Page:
Killer whales, more properly known as orcas, have been kept in captivity since 1961, helpless victims of a blatantly commercial experiment which has seen dozens of wild orcas plucked from their families and forced to live in artificial social groupings which bear scant resemblance to their natural order.
Unaware of their plight, millions of people flock each year to watch the orca show, seduced by the extravagant promises of the display industry. Glossy brochures herald a spectacle which will simultaneously 'entertain and educate the whole family'. Visitors are invited to enter a fantasy land, where orcas weighing several tonnes circle, leap and tail-slap seemingly out of sheer high spirits. Highly-choreographed show routines, performed to a background of tired old rock songs, are presented as 'natural behaviour'. Entranced, many of the spectators fail to register the bare concrete walls of the tank. At show's end, as they file out, few people notice the endless circling of the captives in the holding pools or the drooping dorsal fins of the males. Read the rest of the report from Whale and Dolphin Conservation here.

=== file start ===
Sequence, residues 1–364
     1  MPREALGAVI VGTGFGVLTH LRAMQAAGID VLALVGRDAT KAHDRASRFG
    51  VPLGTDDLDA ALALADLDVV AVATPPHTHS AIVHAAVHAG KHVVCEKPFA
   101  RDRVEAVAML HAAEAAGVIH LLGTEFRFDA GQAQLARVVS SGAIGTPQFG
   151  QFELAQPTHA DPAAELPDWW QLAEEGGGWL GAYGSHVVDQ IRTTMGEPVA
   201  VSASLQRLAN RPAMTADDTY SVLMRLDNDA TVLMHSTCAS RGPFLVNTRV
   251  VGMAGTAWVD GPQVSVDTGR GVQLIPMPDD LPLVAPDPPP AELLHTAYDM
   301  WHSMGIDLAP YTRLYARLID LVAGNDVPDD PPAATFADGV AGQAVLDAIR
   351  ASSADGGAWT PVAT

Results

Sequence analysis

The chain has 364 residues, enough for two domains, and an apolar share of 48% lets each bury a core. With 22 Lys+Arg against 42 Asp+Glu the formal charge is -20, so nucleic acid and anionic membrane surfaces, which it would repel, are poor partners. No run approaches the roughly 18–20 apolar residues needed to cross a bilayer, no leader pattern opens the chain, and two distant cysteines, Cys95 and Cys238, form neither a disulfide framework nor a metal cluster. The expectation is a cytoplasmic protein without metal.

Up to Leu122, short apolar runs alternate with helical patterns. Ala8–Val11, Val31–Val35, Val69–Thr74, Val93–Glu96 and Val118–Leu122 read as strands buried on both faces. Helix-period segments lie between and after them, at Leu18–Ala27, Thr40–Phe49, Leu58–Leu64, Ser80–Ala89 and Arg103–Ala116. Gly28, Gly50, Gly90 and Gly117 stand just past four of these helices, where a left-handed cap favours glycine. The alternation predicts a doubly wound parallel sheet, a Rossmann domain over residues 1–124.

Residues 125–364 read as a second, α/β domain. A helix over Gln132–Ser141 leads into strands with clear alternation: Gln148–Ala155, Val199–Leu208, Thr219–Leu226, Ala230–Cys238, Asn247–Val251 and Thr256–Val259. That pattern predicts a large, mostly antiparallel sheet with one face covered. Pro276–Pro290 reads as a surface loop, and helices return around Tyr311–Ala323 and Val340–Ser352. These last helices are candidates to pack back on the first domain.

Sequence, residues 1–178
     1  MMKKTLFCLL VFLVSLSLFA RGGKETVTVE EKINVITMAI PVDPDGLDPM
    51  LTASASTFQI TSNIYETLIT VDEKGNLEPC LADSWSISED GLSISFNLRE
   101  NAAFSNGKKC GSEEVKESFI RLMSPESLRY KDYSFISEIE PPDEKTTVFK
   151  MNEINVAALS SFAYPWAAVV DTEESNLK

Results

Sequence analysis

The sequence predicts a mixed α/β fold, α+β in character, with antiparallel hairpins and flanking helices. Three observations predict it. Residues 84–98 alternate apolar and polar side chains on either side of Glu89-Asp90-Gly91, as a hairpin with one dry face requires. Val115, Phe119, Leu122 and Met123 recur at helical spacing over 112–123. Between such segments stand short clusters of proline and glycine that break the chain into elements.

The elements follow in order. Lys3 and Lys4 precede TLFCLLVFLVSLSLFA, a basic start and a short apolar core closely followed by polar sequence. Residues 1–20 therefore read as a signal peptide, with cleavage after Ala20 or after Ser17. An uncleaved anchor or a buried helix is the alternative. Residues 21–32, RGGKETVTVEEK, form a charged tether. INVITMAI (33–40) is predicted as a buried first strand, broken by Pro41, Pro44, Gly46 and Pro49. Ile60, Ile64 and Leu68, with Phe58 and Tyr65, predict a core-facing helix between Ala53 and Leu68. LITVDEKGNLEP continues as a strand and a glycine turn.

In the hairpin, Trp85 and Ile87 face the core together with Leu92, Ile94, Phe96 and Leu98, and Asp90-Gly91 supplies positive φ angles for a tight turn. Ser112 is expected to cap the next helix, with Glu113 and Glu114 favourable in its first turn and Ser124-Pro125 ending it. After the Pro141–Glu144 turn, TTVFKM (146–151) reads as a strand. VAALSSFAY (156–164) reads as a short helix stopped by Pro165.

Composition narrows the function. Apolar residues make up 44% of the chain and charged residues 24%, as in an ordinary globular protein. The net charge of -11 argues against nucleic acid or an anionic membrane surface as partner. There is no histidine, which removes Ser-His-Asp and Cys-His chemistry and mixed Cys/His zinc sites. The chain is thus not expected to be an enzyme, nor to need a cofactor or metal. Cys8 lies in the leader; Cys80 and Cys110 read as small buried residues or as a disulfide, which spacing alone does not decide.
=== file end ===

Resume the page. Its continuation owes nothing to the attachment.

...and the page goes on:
Nanna Påskesen is also maker of the documentary Zoochosis, that studies the abormal behaviour patterns in animals housed in zoos. Check it out here.